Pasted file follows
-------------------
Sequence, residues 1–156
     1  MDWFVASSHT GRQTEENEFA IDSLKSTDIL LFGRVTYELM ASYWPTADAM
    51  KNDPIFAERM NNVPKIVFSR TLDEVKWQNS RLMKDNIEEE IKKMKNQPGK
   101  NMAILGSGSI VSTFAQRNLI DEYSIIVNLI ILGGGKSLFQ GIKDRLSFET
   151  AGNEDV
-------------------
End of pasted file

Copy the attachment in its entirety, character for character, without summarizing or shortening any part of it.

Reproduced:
Sequence, residues 1–156
     1  MDWFVASSHT GRQTEENEFA IDSLKSTDIL LFGRVTYELM ASYWPTADAM
    51  KNDPIFAERM NNVPKIVFSR TLDEVKWQNS RLMKDNIEEE IKKMKNQPGK
   101  NMAILGSGSI VSTFAQRNLI DEYSIIVNLI ILGGGKSLFQ GIKDRLSFET
   151  AGNEDV